Dave’s Wear House Offers Rock-Bottom Prices

Dave Ortiz is a retailer reborn.

The former BMXer and Lower East Side mainstay made his mark in the footwear world with Dave’s Quality Meat, the skate-and-sneaker shop he founded in 2003 that became known for stocking the latest and most exclusive kicks in town. But after parting ways with the team at his old store (now doing business as DQM), Ortiz has a new mission at Dave’s Wear House, the 1,400-sq.-ft. shop he opened in New York’s Chinatown in July.

“It’s a totally different direction from DQM,” Ortiz said of his new store, located at 123 Baxter St. “It’s about the masses. It’s not about the cool kid.”

Along with partners Kevin Carney of Shut Skateboards and lawyer Victor Salerno, Ortiz has created a space where a stripped-down collection of BMX and skateboarding basics — shoes, decks, T-shirts, sweaters and accessories — sells at rock-bottom prices.

“My theory is there’s more money in volume — and nobody really has money,” Ortiz said.

Merchandise is displayed on racks, shelves and tables, most of which Ortiz and his partners built themselves. The warehouse aesthetic extends to the displays: The product is all conspicuously tagged with prices, and the arrangement is simple. A cushion on the lower level of the shelf nearest to the cashier area is reserved for Ortiz’s constant companion, Squishy, a 10-year-old pug.

Shoes, hoodies, jackets and military-surplus bags dominate the floor. Accessories and decks (signed by many of Ortiz’s prominent pro skater friends) line one wall.

The store stocks skateboard styles from Nike 6.0, DC, Etnies, Puma and Gravis, and will add Sorel boots for men and women and Converse skate styles in the next few months. The most expensive styles reach to $120, but the majority cost between $60 and $70, Ortiz said.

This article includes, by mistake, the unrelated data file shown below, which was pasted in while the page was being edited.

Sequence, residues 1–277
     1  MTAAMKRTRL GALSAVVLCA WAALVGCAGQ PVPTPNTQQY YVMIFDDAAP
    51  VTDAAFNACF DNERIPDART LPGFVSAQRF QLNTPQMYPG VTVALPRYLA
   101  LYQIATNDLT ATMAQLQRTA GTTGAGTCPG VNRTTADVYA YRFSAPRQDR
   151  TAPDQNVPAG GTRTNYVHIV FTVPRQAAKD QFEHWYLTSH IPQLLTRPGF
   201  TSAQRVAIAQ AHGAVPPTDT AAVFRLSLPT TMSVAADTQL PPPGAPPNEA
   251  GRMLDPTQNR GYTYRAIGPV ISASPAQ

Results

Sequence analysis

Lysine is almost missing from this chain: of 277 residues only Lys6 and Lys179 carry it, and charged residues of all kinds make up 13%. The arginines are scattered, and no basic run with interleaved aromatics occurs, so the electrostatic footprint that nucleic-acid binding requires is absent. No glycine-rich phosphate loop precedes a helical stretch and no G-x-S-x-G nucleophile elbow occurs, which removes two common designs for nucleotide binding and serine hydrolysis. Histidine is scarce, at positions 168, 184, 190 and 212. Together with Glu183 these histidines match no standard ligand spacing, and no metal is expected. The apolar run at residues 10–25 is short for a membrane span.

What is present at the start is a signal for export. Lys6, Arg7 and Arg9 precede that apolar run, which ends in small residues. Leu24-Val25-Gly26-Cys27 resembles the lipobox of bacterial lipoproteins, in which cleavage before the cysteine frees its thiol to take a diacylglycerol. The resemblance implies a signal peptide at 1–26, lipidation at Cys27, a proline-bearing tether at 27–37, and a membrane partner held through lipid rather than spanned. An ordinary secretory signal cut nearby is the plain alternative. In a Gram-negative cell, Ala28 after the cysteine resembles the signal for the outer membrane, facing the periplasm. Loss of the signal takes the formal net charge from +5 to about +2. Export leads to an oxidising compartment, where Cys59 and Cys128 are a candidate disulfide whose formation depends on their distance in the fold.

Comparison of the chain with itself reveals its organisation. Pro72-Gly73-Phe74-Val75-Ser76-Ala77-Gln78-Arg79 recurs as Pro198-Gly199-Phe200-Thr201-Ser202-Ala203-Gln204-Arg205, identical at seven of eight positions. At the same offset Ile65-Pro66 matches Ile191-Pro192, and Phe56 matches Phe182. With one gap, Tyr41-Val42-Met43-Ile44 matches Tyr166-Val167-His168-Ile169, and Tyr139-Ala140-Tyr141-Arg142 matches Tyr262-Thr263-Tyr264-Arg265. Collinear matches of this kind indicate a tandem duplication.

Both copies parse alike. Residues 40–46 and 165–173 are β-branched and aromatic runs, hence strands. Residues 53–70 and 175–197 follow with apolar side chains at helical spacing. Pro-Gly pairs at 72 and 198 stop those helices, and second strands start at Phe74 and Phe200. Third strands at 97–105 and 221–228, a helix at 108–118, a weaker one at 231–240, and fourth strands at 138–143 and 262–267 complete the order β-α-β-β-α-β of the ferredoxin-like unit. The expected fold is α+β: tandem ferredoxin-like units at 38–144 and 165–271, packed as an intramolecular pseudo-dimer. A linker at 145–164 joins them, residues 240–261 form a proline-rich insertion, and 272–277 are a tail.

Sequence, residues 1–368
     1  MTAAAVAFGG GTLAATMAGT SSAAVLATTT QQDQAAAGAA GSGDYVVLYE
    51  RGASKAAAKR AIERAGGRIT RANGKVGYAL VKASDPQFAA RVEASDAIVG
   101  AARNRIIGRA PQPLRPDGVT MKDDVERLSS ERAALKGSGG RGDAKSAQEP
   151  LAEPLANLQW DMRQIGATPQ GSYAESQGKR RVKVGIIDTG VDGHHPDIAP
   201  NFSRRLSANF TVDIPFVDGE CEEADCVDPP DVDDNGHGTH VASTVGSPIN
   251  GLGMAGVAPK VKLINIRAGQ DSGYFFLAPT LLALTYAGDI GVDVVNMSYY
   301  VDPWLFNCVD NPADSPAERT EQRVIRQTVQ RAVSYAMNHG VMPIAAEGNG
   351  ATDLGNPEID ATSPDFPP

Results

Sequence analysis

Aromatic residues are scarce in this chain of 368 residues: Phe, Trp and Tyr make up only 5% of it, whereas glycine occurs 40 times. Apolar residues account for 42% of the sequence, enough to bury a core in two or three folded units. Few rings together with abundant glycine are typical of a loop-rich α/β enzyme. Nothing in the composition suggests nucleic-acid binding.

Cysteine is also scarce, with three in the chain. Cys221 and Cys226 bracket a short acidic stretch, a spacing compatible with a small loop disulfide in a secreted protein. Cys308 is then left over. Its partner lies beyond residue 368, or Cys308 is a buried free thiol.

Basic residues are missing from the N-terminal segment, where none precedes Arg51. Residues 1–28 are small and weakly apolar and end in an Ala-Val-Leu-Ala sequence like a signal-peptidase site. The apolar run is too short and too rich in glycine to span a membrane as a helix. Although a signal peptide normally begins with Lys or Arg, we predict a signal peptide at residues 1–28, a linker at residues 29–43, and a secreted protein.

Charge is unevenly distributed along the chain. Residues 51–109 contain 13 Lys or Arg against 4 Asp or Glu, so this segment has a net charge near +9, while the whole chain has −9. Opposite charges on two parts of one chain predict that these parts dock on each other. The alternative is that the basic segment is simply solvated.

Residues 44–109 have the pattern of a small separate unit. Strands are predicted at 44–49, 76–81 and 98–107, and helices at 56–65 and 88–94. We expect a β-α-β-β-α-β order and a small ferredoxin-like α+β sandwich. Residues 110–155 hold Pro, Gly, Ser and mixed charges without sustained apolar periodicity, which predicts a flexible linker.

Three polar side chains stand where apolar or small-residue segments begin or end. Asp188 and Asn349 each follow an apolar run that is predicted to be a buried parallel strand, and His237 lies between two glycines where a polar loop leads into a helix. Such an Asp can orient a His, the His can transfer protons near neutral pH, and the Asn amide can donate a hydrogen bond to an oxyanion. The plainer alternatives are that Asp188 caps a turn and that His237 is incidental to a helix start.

Ortiz also brought in ZigZag shoes, an underground favorite no-name brand of canvas-and-suede shoes that sell for $20 and $25. “I just wanted something that was [simple] and super-affordable,” he said. Footwear makes up 60 to

70 percent of sales so far, Ortiz said. Two months in, he said, the store was on pace to do $300,000 to $400,000 in sales its first year, but he’s hoping to grow that number significantly going forward.

Ortiz designed the shop’s exterior, with a big

picture window and minimal store branding to make the merchandise the focus. “I want the product to sell itself,” he said.

The idea, he said, is that the goods reel you in — and the prices hook you. “If you’re on [nearby] Canal Street, you’re looking for a deal anyhow,” he said.

Vendors said they believe in Ortiz’s vision.

“I have much respect for Dave. His track record in retail reinforces his amazing ability to spot trends and keep people wanting the product he chooses to put on his retail shelves,” said Pierre-André Senizergues, founder and CEO of Sole Technology, the Lake Forest, Calif.-based parent company of Etnies, ThirtyTwo and Emerica.

“Etnies is glad to be a part of his new store.”

“Dave is like a skateboard historian. Consumers living in and or visiting NYC will benefit from the service, knowledge and storytelling only a Dave Ortiz can offer,” said Hommy Diaz, who oversees marketing for DC Shoe’s new Nvrbrkn skateboard line, which launched at Dave’s Wear House in July. “Many may say he is crazy for opening a retail store during a volatile economy, but then again, he is ‘Crazy Dave.’ We partnered with Dave to support the grand opening because he is the perfect person to represent the Nvrbrkn spirit.”

As the shop grows, Ortiz said, he has expansion plans. Next summer, he’s toying with the idea of offering bikes to rent. Rentals, he said, would be accompanied by an audio tour recorded by him that takes the listener from the store to his favorite spots to ride — even letting them know where they can get the best dumplings.

Ortiz is also working to partner with local school boards. He’d like to work out a system for kids who do well on their report cards to get a discount at the store.

More traditionally, he’s looking online. And while the store uses Facebook as the hub for all of its online activity at the moment — because it’s free and “everyone is there” — Ortiz plans to launch e-commerce in the future, though there’s no timeframe in mind.

Future initiatives will need to follow the store’s stripped-down approach to retailing, he said: “We’re not trying to get all fancy-pants about it.”

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